Our new report on the economic cost of asthma shows its far-reaching financial impacts on the government, community, and people with asthma and their families.
The Hidden Cost of Asthma, our joint report with Asthma Australia prepared by Deloitte Access Economics, details the financial burden of asthma including direct healthcare costs of $1.2bn and $24.7bn attributed to disability and premature death.
The lead up to Christmas can be stressful enough without the added concern of an asthma flare-up. Take extra care this month as even the humble Christmas tree – real and fake – can harbour hidden asthma triggers.
As the holiday season approaches we are encouraging parents of children with asthma to take a prepared and vigilant approach to asthma care when travelling.
A change of environment while away from home can also trigger asthma symptoms in children. As well as packing your child’s usual medicines also think about what other problems you might encounter while travelling with allergies. It might be a good idea to take your child’s hay fever tablets or nasal spray too.
A little extra planning will help ensure holidays are low-risk and still full of fun.
Most people believe allergies are at their peak in Spring. But for those who suffer from pollen allergies (including hayfever and conjunctivitis) the hotter months can be just as challenging.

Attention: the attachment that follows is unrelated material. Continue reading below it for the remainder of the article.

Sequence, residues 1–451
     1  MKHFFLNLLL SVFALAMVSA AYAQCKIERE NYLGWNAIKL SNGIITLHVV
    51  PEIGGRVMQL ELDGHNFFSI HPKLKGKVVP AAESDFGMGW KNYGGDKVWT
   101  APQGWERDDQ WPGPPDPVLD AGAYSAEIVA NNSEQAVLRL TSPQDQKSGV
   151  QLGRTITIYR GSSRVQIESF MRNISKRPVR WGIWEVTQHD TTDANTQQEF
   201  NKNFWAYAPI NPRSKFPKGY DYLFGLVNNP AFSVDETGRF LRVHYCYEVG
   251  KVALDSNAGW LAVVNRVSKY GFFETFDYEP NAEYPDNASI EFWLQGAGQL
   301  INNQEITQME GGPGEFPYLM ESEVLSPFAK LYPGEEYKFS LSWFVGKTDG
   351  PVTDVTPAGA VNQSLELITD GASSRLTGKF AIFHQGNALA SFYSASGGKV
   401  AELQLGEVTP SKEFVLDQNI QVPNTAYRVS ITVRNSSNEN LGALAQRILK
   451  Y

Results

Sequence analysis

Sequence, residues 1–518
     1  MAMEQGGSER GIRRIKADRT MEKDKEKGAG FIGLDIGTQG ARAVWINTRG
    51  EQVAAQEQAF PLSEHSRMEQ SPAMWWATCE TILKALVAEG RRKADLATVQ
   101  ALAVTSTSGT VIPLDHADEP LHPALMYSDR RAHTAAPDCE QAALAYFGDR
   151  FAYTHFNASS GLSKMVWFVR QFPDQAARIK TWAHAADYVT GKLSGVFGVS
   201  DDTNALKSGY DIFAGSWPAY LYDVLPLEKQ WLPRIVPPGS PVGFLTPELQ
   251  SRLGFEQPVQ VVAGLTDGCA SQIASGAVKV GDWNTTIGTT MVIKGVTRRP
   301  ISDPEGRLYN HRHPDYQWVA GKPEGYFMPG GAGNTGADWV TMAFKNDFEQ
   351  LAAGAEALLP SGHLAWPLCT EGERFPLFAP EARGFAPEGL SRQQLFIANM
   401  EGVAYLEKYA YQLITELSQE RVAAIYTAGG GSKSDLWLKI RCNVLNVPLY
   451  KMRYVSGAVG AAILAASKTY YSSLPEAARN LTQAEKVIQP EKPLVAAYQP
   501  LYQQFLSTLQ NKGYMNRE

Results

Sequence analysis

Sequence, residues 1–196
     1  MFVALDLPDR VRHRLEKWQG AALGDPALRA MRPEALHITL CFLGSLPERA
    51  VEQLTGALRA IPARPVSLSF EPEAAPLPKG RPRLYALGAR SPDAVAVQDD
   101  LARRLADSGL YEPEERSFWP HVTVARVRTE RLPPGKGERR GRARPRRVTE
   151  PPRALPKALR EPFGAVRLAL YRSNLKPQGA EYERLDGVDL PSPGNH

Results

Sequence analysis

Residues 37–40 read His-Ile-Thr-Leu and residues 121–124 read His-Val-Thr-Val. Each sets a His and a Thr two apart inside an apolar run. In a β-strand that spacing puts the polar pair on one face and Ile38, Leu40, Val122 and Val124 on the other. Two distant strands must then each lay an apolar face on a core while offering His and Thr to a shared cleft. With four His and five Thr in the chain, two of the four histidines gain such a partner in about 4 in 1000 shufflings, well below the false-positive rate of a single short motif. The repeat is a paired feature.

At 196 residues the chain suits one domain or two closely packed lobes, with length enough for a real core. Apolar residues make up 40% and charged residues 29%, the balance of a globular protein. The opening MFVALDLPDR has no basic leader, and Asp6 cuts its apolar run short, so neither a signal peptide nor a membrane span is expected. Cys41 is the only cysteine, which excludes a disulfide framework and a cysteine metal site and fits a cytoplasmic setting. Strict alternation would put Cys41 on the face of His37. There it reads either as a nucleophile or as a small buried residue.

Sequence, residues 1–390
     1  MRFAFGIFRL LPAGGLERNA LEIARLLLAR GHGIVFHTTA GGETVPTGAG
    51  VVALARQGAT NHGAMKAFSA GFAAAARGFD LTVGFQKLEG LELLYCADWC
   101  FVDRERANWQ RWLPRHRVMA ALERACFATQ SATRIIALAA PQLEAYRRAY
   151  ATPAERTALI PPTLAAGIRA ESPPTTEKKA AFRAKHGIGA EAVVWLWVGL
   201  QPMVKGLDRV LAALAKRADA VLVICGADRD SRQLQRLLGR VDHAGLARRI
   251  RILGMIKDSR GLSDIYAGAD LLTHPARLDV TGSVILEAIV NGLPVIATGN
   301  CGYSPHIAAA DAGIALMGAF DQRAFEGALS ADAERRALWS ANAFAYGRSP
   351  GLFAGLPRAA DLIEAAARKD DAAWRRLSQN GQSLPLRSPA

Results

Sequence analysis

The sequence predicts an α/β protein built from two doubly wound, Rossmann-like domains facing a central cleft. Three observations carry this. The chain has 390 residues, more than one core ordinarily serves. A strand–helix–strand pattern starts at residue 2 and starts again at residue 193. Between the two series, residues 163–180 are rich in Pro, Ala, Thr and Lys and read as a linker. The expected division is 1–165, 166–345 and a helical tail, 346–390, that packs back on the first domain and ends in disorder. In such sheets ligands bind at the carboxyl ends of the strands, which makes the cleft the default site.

If you are sensitive, try to reduce your pollen exposure by avoiding going outdoors on days with high pollen counts (particularly 7-9am and 4-6pm), on windy days or after thunderstorms. Our pollen factsheet has more useful tips on how to reduce your exposure.
Ask your pharmacist about nasal sprays and other treatments. Our Sensitive Choice partner FESS has a range of non-medicated products that might help manage your allergies this summer.
For people with asthma living in high risk bushfire zones, the bushfire season is time to be on high alert for asthma symptoms. Smoke and increased air pollution from fires can trigger asthma symptoms, as can high emotions such as stress and anxiety.
It's vital for anyone with asthma living in a bushfire zone to be prepared, and include asthma management in their fire safety survival plan.